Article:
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Trying to declare this:

private const string 5dfgfdgfdg = "watever";

But it gives me an error. Once I remove the "5" it works.

Why does it do that? Is that a deliberate design decision?

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closed as too localized by Henk Holterman, Book Of Zeus, casperOne Mar 9 '12 at 21:58

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Variables names are not allowed to start with numbers - it's in the spec. –  Oded Mar 7 '12 at 11:04
    
There are precious few languages that allow that. Things that start with digits are numbers. Take 5E3 and 5f for example. What languages are you used to? –  Mr Lister Mar 7 '12 at 11:04
    
I don't mean to nit pick but that is a horrible variable name. Variable names should give you some idea of what they are for/contain. After reading a basic C# book I would highly recommend reading Code Complete. You should always write code that is easy to maintain and read, you will be thankful when you come back to make changes to the code. –  TheLukeMcCarthy Mar 7 '12 at 11:16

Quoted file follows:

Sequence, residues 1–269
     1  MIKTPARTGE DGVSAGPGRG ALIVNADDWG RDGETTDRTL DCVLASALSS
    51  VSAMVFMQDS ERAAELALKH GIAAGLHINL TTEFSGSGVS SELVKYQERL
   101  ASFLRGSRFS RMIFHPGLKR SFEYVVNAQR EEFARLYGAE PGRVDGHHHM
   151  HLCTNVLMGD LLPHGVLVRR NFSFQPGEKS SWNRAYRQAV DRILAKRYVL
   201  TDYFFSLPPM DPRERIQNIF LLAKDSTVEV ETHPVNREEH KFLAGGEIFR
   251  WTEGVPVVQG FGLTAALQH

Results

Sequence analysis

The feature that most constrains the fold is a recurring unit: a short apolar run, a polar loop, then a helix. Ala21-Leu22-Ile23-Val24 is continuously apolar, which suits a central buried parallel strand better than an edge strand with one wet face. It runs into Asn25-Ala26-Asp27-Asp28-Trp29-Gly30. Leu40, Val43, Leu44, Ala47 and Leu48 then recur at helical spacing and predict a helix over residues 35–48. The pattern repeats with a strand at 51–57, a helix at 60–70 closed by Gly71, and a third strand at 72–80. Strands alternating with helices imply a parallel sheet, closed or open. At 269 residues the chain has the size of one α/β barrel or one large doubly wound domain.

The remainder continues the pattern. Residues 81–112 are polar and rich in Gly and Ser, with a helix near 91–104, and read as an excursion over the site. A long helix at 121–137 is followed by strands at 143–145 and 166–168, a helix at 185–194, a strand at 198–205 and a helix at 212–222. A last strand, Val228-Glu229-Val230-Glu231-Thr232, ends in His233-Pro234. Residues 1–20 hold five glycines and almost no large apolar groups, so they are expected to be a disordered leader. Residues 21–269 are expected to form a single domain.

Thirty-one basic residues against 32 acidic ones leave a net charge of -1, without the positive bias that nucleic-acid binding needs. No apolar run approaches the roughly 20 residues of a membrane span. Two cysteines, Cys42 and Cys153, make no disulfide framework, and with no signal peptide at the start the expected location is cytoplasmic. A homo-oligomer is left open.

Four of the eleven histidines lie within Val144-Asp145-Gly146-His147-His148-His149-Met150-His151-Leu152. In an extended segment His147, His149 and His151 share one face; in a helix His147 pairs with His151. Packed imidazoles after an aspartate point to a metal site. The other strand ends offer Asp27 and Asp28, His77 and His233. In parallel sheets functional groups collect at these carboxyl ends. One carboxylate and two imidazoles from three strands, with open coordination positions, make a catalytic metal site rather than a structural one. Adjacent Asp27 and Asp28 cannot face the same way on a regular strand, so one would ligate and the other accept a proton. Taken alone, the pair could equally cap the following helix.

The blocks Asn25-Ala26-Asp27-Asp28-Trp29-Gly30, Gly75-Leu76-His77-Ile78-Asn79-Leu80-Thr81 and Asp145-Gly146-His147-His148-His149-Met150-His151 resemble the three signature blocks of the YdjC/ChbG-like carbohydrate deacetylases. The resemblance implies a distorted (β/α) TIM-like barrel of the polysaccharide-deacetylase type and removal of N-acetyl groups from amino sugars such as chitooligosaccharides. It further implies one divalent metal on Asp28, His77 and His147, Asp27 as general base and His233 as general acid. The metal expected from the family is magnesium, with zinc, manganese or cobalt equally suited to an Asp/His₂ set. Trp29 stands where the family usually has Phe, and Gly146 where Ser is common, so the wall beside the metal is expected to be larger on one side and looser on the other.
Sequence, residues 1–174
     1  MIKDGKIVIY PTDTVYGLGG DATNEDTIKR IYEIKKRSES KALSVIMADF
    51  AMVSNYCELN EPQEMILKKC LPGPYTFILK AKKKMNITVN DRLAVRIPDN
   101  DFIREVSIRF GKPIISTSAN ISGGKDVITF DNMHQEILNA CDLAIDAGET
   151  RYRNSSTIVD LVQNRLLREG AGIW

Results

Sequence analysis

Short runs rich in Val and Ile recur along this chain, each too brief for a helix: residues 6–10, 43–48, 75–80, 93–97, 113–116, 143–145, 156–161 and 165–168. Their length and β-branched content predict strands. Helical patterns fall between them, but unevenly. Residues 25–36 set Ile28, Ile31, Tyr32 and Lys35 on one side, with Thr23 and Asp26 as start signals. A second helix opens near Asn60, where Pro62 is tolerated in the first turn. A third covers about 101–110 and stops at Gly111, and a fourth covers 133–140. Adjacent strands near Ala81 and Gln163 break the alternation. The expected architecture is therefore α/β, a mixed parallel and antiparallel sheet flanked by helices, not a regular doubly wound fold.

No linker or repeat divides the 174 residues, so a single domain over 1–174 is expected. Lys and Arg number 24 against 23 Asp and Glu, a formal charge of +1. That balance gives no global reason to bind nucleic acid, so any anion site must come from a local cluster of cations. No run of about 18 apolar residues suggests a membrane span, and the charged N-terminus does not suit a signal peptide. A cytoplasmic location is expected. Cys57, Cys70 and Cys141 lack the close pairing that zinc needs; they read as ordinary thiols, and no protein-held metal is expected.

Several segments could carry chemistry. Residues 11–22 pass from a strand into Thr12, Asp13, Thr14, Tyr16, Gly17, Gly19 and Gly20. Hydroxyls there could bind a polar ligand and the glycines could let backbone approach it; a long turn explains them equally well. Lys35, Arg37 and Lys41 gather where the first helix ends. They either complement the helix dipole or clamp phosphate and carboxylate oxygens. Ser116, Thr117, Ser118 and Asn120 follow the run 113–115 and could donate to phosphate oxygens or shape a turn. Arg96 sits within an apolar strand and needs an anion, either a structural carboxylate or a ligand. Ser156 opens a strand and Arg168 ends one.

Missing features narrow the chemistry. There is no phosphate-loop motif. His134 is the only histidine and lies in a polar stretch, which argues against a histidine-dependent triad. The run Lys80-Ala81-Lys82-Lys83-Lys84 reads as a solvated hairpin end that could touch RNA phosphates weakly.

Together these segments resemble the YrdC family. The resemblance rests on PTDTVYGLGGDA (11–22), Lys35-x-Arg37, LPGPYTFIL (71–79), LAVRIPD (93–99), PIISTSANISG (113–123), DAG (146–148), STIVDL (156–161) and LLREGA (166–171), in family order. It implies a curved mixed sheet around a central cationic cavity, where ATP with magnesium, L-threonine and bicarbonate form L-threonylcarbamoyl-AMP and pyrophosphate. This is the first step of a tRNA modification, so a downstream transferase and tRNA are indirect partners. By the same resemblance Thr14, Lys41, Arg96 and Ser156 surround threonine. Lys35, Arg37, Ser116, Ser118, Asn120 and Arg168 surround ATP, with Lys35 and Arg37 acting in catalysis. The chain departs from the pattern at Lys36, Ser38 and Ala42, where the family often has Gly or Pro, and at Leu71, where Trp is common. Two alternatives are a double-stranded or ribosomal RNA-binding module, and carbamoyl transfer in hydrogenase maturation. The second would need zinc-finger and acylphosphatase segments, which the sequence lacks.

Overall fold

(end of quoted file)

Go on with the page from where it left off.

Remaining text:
2  
Hi, the variable name used here is obviously an example. You think I would really name a variable "5dfgfdgfdg"? –  TheGateKeeper Mar 7 '12 at 12:02

2 Answers 2

up vote 3 down vote accepted

Variable names cannot begin with a number. Here is some more detailed information.

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Identifiers (like variable names) cannot start with a digit. A less formal explanation can be found here: http://www.codeguru.com/columns/csharp_learning/article.php/c6753

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